I heard you guys wanted more leafcutter journals? Well, I suppose I don't really have a choice, do I...
I'll start this off by saying I've actually technically been the owner of this Atta colony for quite a while, but due to certain complications involving the absurd AZ summer temps, the pandemic, etc., they were stuck in the possession of a friend of mine for the last 2ish months (along with a few other colonies). 10 days ago I was finally able to have them shipped to me, as the temperatures dropped enough where they wouldn't cook in the box. Unfortunately, even with overnight shipping, the fungus was severely damaged. Around 70% of the fungus was dead on arrival and quickly discarded by the colony. From there, due to the stress of shipping, they wouldn't accept any food I offered for the first day or so, and were quickly eating what little fungus they still had.
While it was looking very bad for the colony, I know of one little trick that can be used with most attines. In the wild, leafcutter ants will drink the sap from the leaves that they cut and get the sugars from it, giving them energy and allowing them to consume less of the colony's fungus. Since my colony wasn't cutting anything, they were stuck with just eating their fungus rather than getting any sugars. Typically if just pure liquid sugars are offered they will be ignored, but with some strategic placement and small droplets I was able to get the colony to realize that the mysterious liquid was in fact delicious, and they quickly started eating what I had offered. This almost completely stopped all consumption of the fungus, and gave the ants a great boost of energy. From there, the path to recovery was mere steps away.
Even though things were looking good, or at least better than before, I still was not in the clear. Since being shipped the colony had lost around 95% of their original fungus mass, as of 10/20. At it's smallest, the brood pile alone took up more space than the fungus garden did. Not good.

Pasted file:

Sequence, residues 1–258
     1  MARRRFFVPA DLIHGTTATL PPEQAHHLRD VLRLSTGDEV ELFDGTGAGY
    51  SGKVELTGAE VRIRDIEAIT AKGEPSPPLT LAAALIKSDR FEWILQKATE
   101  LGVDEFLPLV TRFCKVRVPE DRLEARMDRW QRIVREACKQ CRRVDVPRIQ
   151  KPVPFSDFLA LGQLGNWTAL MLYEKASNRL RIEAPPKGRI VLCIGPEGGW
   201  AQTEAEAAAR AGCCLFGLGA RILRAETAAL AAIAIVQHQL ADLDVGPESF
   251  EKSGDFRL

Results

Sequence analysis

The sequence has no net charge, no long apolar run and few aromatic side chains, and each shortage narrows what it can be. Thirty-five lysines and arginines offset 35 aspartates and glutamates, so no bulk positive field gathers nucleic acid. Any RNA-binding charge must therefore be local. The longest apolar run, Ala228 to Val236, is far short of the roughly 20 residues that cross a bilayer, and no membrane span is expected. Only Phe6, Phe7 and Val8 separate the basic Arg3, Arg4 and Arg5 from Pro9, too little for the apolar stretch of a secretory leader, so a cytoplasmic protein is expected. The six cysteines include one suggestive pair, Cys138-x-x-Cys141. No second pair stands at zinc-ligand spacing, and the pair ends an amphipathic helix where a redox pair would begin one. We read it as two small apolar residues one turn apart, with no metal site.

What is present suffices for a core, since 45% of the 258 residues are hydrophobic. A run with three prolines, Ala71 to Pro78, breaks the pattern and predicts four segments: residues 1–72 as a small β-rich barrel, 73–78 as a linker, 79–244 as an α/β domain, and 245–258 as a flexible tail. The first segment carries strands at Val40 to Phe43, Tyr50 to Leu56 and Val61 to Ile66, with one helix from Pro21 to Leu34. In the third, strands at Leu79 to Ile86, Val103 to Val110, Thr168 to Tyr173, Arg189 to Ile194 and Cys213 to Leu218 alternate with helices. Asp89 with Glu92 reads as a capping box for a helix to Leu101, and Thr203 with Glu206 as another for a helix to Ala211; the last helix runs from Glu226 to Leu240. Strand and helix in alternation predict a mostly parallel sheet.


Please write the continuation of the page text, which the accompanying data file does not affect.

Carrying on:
To my dismay, the Atta weren't interested in any of the food that my Acromyrmex were taking regularly, so I knew I had to find some alternative sources. The previous caretaker of this colony had told me that he had some luck with clovers, and thankfully just up the road there's a large park that serves as a floodwater reserve; and it's full of miscellaneous grasses, including clovers! After harvesting a bunch, I offered it to the Atta and hoped for the best.
One feeding later, and the fungus had nearly doubled in height! The Atta LOVED the clovers!
Each day these guys would take in more and more food. It's really interesting watching them process it, and how they mince it into smaller pieces to be distributed around the fungus garden. Seeing fresh plant material on the fungus is really satisfying, too!
The fungus grows insanely quick, too. The fungus was at it's smallest on 10/20. Just four days later, it is easily 3 or 4 times the size, and the colony is acting far more normal now.
We're also at the point now where the brood is once again seated within the fungus garden itself, rather than sloppily in a pile on the ground. Soon enough the brood pockets will be largely closed off and hidden away from where I can see, along with eventually the queen herself. While I still have the opportunity to see her, I'm going to take advantage of it, because it's only a matter of time before she disappears into the fungus. I do think it'll be a while still, given that she clocks in at a staggering 25mm, making her the largest ant found in the US.
Either way, making this journal is a huge relief for me, as I was worried I would have never gotten the chance to do so. When seeing their fungus shrink rapidly over the course of the first 6 days I was sure the colony was toast. Well, to my relief, they are in fact ants and not toast, and I can finally make this journal for you all. To wrap things up, here's a quick video! I'm sure it'll be awesome to look back here in a few months' time to see how far the colony has progressed.
Edited by CheetoLord02, Yesterday, 8:18 PM.